Deceased Out of Country

Should a death occur in a foreign country, the U.S. Consulate should be contacted immediately, they can assist in arranging transportation or for local disposition. Translations of the death certificate and other documents can usually be obtained through the Consulate. We recommend local cremation of the body and shipment of the cremated remains back home. If shipment of the body back home is desired, then the Consulate can advise you on the particular laws of the foreign country. Embalming the body is recommended due to the possibility of lengthy travel; however embalming is not a common practice in many foreign countries. And many of their alternate options very likely will not make an open casket viewing possible. You may want to consider purchasing short term insurance for travel abroad that can cover not only health coverage but also the transportation of remains in case of death.

More information regarding the Death of a U.S. Citizen Abroad and the US consulate.

Each year, over 6,000 Americans die abroad. Most of them are Americans who live overseas, but, each year, a few thousand Americans die while on short visits abroad. One of the most important tasks of U.S. consular officers abroad is to confirm the death, identity and U.S. citizenship of the deceased, and then provide assistance to the families of U.S. citizens who die abroad. When an American dies abroad, the Bureau of Consular Affairs must locate and inform the next-of-kin. Sometimes discovering the next-of-kin is difficult. If the American’s name is known, the Bureau’s Office of Passport Services will search for his or her passport application.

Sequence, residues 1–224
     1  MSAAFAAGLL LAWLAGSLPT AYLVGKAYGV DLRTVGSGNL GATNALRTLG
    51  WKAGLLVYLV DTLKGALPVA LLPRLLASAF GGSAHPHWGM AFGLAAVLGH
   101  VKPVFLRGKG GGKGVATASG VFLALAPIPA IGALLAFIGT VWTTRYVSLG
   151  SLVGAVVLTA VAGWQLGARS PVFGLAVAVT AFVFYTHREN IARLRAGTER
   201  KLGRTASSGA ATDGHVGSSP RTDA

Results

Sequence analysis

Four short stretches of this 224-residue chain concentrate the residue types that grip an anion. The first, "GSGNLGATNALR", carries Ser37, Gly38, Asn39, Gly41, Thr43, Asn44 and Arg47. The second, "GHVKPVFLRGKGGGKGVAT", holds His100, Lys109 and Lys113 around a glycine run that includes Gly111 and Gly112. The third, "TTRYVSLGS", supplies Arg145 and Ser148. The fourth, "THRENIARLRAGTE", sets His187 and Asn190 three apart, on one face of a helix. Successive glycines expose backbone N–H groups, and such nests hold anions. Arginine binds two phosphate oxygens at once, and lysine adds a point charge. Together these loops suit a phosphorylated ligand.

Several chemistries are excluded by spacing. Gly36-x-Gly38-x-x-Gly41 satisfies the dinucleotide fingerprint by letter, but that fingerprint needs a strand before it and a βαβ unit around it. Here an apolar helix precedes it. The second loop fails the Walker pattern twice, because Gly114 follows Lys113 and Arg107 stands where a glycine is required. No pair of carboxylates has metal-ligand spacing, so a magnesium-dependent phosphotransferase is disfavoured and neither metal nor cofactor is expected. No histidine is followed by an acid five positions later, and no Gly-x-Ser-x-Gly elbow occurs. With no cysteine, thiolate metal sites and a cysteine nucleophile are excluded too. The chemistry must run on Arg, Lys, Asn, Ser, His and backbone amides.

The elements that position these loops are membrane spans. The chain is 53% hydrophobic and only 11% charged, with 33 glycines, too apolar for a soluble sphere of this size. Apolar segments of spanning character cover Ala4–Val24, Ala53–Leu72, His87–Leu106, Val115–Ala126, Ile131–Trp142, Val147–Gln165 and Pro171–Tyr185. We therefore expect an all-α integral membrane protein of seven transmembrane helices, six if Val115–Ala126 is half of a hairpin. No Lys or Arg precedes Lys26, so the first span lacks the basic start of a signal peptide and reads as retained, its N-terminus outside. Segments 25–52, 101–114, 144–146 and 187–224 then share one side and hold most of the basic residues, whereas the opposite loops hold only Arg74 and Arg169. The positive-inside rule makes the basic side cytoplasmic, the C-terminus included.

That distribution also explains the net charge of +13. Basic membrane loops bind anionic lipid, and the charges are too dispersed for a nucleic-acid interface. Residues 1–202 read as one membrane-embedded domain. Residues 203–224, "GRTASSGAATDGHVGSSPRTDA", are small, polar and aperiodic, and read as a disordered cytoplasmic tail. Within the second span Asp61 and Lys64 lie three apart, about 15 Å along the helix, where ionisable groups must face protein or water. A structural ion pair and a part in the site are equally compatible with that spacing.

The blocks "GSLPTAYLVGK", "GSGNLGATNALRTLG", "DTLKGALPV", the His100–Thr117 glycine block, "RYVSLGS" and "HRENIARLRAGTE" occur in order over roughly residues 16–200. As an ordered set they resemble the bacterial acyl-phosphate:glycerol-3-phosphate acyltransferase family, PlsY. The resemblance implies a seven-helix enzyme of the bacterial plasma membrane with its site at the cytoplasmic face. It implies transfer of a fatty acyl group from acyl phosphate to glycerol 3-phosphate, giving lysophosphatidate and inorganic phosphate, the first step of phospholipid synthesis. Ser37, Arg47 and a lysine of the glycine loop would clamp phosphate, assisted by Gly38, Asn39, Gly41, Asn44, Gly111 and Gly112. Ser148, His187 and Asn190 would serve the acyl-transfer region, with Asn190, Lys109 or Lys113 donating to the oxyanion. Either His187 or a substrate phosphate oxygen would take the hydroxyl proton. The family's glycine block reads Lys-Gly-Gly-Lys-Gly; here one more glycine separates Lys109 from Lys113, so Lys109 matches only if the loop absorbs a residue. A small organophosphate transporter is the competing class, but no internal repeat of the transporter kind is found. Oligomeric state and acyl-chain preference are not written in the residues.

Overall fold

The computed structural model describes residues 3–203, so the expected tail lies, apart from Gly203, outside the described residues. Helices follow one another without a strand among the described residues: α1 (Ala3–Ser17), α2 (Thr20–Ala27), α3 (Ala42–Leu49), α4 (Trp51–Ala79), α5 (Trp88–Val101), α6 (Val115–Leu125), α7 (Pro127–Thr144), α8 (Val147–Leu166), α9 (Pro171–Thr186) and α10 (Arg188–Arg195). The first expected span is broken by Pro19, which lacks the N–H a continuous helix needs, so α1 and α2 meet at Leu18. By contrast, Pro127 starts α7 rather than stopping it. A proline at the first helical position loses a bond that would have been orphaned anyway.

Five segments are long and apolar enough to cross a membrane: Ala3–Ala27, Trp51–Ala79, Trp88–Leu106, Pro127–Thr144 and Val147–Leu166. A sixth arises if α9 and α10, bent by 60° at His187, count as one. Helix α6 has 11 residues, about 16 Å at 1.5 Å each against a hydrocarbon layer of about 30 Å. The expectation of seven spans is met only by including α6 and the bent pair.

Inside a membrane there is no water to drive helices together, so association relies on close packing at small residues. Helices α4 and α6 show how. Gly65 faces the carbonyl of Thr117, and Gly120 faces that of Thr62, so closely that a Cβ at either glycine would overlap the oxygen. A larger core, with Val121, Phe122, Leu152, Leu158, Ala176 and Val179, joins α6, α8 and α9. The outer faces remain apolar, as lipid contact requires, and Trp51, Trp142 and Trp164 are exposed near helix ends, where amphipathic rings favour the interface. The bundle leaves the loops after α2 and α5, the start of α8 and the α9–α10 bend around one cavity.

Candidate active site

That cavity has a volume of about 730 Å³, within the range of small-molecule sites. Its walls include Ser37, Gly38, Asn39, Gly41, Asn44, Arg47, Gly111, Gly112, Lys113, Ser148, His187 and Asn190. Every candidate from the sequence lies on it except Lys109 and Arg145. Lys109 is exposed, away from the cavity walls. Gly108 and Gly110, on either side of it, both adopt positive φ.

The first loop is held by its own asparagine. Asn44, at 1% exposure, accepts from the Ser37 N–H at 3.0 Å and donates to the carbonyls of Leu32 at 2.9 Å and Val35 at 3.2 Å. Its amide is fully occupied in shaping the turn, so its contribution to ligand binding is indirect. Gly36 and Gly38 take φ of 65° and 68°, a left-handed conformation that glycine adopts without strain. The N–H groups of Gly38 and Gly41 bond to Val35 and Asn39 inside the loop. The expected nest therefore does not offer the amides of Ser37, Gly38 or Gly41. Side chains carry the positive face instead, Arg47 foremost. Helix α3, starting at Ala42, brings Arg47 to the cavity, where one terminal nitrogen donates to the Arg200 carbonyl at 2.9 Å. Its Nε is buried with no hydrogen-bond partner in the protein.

Upon notification of the next of kin, the consulate will provide information about disposition of the remains and the effects of the deceased, and provides guidance on forwarding funds to cover costs (all costs associated with the arrangements are the responsibility of the deceased’s estate or family).

Other services provided through the consulate:

  • Serve as provisional conservator of the estate, absent a legal representative in country
  • Prepare documents for disposition of the remains in accordance with instructions from the next-of-kin or legal representative, and oversee the performance of disposition of the remains and of the personal effects of the deceased. A U.S. consular officer overseas has statutory responsibility for the personal estate of an American who dies abroad if the deceased has no legal representative in the country where the death occurred. The consular officer takes possession of personal effects, such as, but not limited to: a) convertible assets b) jewelry c) apparel d) personal documents and papers.

The officer prepares an inventory and then carries out instructions from members of the deceased’s family concerning the effects. Upon completion of all formalities, the consular officer abroad prepares an official Foreign Service Report of Death, based upon the local death certificate, and sends it to the next-of-kin or legal representative for use in U.S. courts to settle estate matters.